From being a Syrian police officer to seeking refuge

Oct 23, 2020 | Refugee Stories | 0 comments

I was studying geography but didn’t really like it, so I dropped out of school. I lived in Damascus with my parents and 7 brothers. Of course, I needed to find another education but I didn’t know which one. So, I decided to volunteer with the police. We had a wonderful life in Damascus. It was 2011 and all was good. Until later that year. I was volunteering with the police for four months when things changed. Protests against Bashar al-Assad and his government began. The war in Syria had started.

I saw how the police oppressed people, I even saw them killing children in front of me and how they separated families. When they killed four of my cousins, we decided to flee. My family fled to Lebanon and Quneitra in the South of Syria. I stayed in Damascus because I was hiding from the police and joined in demonstrations against the government. For two and a half years I was hiding in the South of Damascus. It was now when they started to bomb this area.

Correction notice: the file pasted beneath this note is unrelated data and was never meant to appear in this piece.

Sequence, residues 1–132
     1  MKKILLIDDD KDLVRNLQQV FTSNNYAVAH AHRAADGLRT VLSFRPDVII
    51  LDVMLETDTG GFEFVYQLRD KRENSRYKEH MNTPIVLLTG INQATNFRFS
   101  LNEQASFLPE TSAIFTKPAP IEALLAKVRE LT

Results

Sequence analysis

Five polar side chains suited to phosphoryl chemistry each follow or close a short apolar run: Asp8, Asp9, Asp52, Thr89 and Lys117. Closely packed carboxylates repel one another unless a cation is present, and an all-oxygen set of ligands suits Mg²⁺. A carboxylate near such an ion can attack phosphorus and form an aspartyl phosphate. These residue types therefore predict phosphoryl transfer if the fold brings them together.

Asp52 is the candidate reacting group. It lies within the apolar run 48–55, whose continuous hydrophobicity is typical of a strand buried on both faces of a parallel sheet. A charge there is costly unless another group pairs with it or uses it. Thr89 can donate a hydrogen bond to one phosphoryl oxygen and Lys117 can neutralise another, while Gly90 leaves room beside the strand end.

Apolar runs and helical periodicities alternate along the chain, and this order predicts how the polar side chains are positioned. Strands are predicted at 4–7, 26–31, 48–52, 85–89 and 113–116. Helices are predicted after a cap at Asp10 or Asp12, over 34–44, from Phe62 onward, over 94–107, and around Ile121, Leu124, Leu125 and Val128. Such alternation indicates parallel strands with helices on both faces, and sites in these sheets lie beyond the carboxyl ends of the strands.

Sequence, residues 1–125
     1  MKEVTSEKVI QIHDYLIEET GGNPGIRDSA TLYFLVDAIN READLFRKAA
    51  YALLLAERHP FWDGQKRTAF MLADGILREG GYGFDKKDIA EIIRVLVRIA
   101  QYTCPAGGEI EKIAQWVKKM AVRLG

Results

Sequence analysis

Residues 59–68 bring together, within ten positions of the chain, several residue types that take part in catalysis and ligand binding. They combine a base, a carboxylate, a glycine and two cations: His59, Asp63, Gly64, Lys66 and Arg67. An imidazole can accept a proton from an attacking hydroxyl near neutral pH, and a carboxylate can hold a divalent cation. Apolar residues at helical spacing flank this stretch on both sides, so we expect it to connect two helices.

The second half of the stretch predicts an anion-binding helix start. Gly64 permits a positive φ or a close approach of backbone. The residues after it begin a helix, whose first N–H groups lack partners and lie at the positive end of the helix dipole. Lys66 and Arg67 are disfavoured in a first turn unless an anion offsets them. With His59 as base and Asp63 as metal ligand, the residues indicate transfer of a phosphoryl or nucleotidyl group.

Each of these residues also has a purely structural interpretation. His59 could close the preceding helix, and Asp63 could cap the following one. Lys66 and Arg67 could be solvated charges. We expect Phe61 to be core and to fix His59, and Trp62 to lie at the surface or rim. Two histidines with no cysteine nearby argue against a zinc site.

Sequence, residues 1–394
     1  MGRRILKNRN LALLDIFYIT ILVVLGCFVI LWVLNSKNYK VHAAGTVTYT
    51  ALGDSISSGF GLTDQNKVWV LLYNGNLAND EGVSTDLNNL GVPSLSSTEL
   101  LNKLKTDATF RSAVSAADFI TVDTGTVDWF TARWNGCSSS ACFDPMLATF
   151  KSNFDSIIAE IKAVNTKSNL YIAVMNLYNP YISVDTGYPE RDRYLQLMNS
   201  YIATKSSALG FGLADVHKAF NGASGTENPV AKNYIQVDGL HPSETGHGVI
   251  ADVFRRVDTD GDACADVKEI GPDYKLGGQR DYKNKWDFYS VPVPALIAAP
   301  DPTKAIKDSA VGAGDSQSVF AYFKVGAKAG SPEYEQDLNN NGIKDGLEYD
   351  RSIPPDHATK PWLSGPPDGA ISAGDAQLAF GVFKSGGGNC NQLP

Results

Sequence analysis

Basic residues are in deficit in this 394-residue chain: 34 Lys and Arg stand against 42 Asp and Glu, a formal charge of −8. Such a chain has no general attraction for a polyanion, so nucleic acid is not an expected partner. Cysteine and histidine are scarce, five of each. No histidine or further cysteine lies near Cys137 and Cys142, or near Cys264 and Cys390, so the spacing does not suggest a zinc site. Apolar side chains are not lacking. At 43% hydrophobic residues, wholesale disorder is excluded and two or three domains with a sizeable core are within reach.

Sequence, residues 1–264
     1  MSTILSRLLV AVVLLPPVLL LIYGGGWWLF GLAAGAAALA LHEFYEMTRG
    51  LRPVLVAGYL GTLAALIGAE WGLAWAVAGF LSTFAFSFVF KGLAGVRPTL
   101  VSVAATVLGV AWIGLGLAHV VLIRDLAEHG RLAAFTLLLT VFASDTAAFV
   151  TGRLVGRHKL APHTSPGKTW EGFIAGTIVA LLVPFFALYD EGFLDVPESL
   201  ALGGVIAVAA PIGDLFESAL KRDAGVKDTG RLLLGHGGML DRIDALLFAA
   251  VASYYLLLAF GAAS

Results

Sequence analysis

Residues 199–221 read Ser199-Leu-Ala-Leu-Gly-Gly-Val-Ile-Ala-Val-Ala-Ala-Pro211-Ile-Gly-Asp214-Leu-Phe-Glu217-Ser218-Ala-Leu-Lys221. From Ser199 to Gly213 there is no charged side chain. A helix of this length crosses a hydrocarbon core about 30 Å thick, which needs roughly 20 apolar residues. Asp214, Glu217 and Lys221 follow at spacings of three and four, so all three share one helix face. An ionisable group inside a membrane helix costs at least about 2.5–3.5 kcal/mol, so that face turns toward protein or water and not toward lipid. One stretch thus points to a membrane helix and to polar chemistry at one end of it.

But I wasn’t afraid. I was alone, my family was safe so they couldn’t get to me. There were many fights but we didn’t have food, nor hygiene or water. We had nothing. For two and a half years I was eating leaves. We boiled tree leaves and ate them. There are no words describing this period.

For at least one and a half year I didn’t taste the hard crush of bread or the sweetness of sugar. People died of hunger during these times, I saw this on a daily basis. But I was alone, my family fled and I wasn’t married. So, I had nothing to fear but my own life. But it didn’t matter I felt numb. Death was all around me, it makes people feel numb. I was about 19 during this time.


Getting out of Damascus and into Greece